A heads-up for employers: The new year has brought some key changes to the state's law on an important employee benefit.
The New York Paid Family Leave Act provides for partially paid, job-protected leave for eligible employees under certain circumstances, and in 2019 the leave period has changed from eight to 10 weeks.
Another key change is an increase in employee contributions, so employers should make sure payroll deductions have been updated and have a contingency plan to cover for employees taking a leave.
As always, preparing ahead for potential change is best, experts advise.
And with paid family leave, employers should look far ahead: The length of available leave will continue to increase through 2021, when employees will be eligible to take up to 12 weeks, says Christina Zaberto, human resources manager with Associated HCM in Plainview.
Circumstances qualifying for leave include caring for a child following birth, adoption or foster placement in the home, or caring for a close family member with a serious health condition, Zaberto says. Exigencies for those with family members in the military may also qualify, she adds.
Employers can handle their businesses under these scenarios by establishing a good relationship with a temp agency or cross-training employees, she says.
Also among NYPFL changes that took effect Jan. 1, employees taking leave will receive 55 percent of their average weekly wage (up from 50 percent in 2018) up to a cap of 55 percent of the current Statewide Average Weekly Wage ($1,357.11), says Avrohom Gefen, a law partner at Vishnick McGovern Milizio LLP in Lake Success. That represents an increase in the maximum weekly benefit this year from $652.96 to $746.41 per week, he says.
The employee contribution rate also increased as of Jan. 1 from 0.126 percent to 0.153 percent of an employee’s gross wages each pay period capped at the Statewide Average Weekly Wage (determined by the labor department) , says Gefen. So the employee’s maximum annual contribution increased from $85.56 to $107.97, he says.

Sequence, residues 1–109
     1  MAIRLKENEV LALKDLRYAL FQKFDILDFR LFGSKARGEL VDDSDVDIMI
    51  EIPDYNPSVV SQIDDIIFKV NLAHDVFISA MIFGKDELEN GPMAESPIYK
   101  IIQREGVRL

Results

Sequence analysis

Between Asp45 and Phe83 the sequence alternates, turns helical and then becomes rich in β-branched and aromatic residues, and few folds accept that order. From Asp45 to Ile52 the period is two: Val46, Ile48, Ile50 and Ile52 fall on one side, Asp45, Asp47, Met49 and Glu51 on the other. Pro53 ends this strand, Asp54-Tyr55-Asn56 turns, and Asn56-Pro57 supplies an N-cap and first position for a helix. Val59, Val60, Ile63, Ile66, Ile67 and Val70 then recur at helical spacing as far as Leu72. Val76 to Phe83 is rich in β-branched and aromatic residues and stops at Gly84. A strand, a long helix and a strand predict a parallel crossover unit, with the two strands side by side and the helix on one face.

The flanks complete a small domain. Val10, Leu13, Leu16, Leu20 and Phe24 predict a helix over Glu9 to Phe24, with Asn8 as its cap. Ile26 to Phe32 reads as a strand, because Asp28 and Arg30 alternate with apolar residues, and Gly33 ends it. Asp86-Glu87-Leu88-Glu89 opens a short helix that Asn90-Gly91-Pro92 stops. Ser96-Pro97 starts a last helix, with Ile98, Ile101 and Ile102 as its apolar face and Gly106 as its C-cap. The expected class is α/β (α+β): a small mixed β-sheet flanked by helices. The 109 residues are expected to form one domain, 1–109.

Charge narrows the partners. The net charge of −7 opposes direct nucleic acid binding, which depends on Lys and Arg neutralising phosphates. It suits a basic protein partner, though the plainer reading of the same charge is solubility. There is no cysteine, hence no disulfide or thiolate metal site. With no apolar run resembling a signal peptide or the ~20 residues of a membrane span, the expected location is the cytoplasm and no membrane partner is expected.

Employees falling below the Statewide Average Weekly Wage would contribute less, says Gefen, noting this benefit is fully funded through employee payroll contributions.
Because of that “the employees definitely have a stake in the game," says Jason Flinn, manager of human resources and client services for Prestige Employee Administrators in Melville.
So while employers may have to deal with the absence of an employee during their leave, they don’t have to fund the program, he says.
With that said, “there’s a nice middle ground between the employee and employer to provide this benefit,” says Flinn, who thinks that in general most firms are prepared to handle it.
“I don’t think it’s that big a surprise to organizations when people do go out on leave,” he says. “Most times they’ve run into this before.”
Just be aware that this year beginning Feb. 3 the definition of a serious health condition qualifying for paid leave under the state law will extend to care for family members who are organ or tissue donors, says Zaberto.
Paid leave for bereavement does not qualify under the law. Gov. Andrew M. Cuomo vetoed legislation that would have allowed it, says Scott Horton, a principal of Horton Law PLLC in Orchard Park.
One of Cuomo’s concerns, explains Horton, was that adding bereavement leave would have forced an increase in employee contributions to fund the program, creating a significant burden on low-wage workers.
At this point, companies should have already confirmed their 2019 paid family leave premiums with their insurance carriers (PFL is a rider/addition to their disability insurance policy) and doublechecked updates on employee contribution rates, says Horton.
For more, see https://paidfamilyleave.ny.gov/2019.
Percentage of voters who say they would face serious financial hardship if they had to take up to a few months of unpaid leave for family or medical reasons
Source: National Partnership for Women & Families